The Recumbent Question:
To Switch or Not
Now that the summer heat is starting to cool off I expect many cyclists, like myself, who are more sight-seers than athletes, are back on the road again. After this years Bike Florida in March, I only rode in April and the first week in May. For me it was just too hot in June, July and August to enjoy being outside.
Prior to getting a recumbent I was a suffering athlete. At 54 years of age, (2003) a veteran of 300 sky dives, numerous car accidents and having worked construction all my life, my back was shot. A day in the saddle was always followed by two days of suffering.
Making the switch from a Cannondale road bike to a recumbent was not an easy one. Actually it was more of a survival move.
About a year ago I read Frank Bostwick’s book “Upcountry Odyssey” on his trip by bicycle from West Palm Beach Florida, 1668 miles north to the Canadian border to visit his family. Not only was I envious of him for having the courage, at the age of 68, to take off alone on a trip like that, but he was also doing what I had always dreamed about, a very long bike trip. I had even been to some of the exact places he wrote about. His book is a great story to read. When he writes about crossing the bridge in Maysville Kentucky to get in to Ohio, believe me, it is much worse than he described.
So with the thinking that if Frank can do it so can I, I began to increase my weekly mileage. I knew I needed to be able to do consecutive 50 mile days, day after day for a tour like that.
Fifty miles is not a lot of miles for me, but fifty miles, day after day turned in to a real nightmare. I was literally crippled by the third day. I tried this week after week for a couple of months before giving up. I was completely discouraged. It was my wife, Judy who would say: ”why don’t you get one of those funny looking bicycles with the big comfortable reclining seat?”
Why didn’t I? Because they were funny looking bicycles that’s why!
I had had my heart set on riding in the Bike Florida tour and all was not looking good. Again Judy said; “go and buy a recumbent and quit complaining about all of your aches and pains every weekend.” I think by then I had spent a small fortune on Tylenol and Advil.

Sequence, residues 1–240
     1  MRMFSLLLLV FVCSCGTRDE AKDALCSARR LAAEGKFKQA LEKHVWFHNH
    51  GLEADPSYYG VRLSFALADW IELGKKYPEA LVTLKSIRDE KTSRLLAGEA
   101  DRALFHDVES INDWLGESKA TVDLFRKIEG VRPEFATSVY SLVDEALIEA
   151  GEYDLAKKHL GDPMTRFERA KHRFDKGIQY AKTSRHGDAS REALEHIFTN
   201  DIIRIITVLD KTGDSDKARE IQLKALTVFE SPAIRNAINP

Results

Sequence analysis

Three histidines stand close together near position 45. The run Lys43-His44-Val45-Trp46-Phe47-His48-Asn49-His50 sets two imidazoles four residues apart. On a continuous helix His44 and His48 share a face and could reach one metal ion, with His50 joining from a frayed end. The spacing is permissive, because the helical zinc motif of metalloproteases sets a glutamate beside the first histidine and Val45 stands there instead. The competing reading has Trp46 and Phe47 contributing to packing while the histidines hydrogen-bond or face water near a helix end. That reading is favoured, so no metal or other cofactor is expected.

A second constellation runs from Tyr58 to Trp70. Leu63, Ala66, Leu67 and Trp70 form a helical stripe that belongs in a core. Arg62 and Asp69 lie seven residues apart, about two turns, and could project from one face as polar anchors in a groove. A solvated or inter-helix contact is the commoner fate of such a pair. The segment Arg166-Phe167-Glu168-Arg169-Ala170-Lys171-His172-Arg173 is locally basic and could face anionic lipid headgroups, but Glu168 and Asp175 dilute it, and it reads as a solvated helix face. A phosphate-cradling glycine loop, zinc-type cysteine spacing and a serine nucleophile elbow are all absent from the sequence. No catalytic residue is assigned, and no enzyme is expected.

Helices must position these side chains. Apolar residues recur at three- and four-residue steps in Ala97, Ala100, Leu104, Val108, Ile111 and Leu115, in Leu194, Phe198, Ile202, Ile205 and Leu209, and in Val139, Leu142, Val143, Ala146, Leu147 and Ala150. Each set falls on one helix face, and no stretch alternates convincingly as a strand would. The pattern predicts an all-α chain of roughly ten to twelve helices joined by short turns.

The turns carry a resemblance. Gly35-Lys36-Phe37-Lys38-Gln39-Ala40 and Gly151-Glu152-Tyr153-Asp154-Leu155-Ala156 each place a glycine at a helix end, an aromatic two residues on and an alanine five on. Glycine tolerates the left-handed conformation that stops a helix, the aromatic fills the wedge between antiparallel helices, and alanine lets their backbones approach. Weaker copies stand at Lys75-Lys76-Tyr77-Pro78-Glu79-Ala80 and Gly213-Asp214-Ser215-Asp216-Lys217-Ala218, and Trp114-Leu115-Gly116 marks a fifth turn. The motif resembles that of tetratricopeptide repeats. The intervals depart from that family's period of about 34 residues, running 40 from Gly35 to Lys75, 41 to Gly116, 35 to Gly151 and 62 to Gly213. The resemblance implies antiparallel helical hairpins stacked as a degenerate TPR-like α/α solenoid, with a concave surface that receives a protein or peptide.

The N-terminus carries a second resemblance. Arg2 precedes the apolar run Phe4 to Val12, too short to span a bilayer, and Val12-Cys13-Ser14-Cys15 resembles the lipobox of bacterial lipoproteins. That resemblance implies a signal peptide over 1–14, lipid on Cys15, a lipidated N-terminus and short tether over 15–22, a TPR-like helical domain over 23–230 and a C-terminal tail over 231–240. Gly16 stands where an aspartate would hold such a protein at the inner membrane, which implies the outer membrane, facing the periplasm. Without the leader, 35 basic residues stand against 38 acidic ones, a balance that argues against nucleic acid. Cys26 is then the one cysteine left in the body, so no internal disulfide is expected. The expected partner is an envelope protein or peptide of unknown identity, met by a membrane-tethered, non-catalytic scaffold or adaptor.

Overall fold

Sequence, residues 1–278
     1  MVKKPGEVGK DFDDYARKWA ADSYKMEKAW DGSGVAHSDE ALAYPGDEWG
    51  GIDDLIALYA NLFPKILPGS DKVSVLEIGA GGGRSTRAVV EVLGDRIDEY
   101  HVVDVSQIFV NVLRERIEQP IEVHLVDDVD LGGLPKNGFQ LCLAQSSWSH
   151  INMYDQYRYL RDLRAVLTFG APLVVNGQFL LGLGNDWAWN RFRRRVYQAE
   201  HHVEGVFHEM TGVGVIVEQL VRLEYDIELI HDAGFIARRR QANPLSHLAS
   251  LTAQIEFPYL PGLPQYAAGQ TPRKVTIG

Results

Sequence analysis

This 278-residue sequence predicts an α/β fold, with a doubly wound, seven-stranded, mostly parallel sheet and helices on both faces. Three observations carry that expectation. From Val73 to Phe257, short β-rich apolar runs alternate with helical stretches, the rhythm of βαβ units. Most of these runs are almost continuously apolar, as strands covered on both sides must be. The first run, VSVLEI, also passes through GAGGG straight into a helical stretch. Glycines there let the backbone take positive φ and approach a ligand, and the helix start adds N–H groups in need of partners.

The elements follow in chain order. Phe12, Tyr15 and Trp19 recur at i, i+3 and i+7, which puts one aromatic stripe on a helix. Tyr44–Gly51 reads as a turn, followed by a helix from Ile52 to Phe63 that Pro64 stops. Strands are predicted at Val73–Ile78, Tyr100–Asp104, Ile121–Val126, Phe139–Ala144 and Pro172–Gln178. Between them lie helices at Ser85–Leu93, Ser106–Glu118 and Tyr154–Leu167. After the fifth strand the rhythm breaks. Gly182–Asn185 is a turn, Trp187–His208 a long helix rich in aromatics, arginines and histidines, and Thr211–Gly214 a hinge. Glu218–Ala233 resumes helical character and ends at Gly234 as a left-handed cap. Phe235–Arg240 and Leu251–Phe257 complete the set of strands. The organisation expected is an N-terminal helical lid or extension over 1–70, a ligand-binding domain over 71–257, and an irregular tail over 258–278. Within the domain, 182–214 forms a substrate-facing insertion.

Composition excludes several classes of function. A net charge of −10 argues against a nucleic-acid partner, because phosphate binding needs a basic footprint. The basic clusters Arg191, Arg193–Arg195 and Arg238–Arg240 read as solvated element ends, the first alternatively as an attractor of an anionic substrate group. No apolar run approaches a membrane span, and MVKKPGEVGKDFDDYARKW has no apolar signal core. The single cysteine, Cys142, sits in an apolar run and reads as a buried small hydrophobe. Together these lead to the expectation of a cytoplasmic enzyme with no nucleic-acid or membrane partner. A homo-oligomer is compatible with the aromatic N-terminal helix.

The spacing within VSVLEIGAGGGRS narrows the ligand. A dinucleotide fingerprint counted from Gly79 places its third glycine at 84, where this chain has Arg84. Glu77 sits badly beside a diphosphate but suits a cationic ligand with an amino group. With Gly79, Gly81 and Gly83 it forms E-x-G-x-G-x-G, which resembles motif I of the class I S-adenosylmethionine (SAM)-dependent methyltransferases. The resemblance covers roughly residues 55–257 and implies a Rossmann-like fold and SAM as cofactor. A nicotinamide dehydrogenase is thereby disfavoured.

Our bike club had one recumbent, but it was a carbon fiber rocket that led the ‘A’ rider paceline. I’m just a reliable ‘C’ rider.
Shortly after that I saw another West Palm Beach Bicycle Club rider with her new recumbent and that was all I needed to get one for myself. Linda and I have ridden together several times. She purchased her recumbent for the same reason I needed to purchase one for myself. Aches and pains had taken the pleasure out of cycling. That would make me the third person in the club on a funny looking bike and I would not be the only one who was not an “A” rider.
I had previously done some casual research on recumbents, but now it was time to get serious. My best source of information came from BentriderOnline.com. In addition to recumbent discussion groups Bentrider is the central source for everything recumbent.
The variety of types and prices is almost endless. To approach this purchase in a logical manner I came up with some specific criteria for the bike I wanted.
The most important was that it would fit in the back of my Chevy S-10 pickup. The little truck has a camper top on it and I wanted to be able to carry the bike inside and not have to deal with a bike rack, the weather and thieves. This limited the overall length to 64 inches.
Secondly I did not want to be lying down. I wanted to be sitting up with above the seat steering and seeing the sights as I rode. The last criterion was price. I was comfortable spending a thousand dollars or so and was willing to go higher.
Of coarse there were the persistent rumors: recumbents can’t climb, recumbents can’t go fast. Those statements are both true and false at the same time. I really got into the wheel size, gearing, gear inches etc. I did all of the calculations and I found the higher priced recumbents did go fast and did climb well because of the way they were geared.
The recumbent I really liked, the Easy Racers EZ-1 SC Lite (aluminum frame) EasyRacers.com had the same exact chainrings and rear cluster as my Cannondale road bike. But this recumbent only had a twenty inch rear wheel. After doing the math this bike would top out at 18 mph at 100 rpms. This was not good. The bikes with better gearing were in the 2500 to three thousand dollar range. Not good either.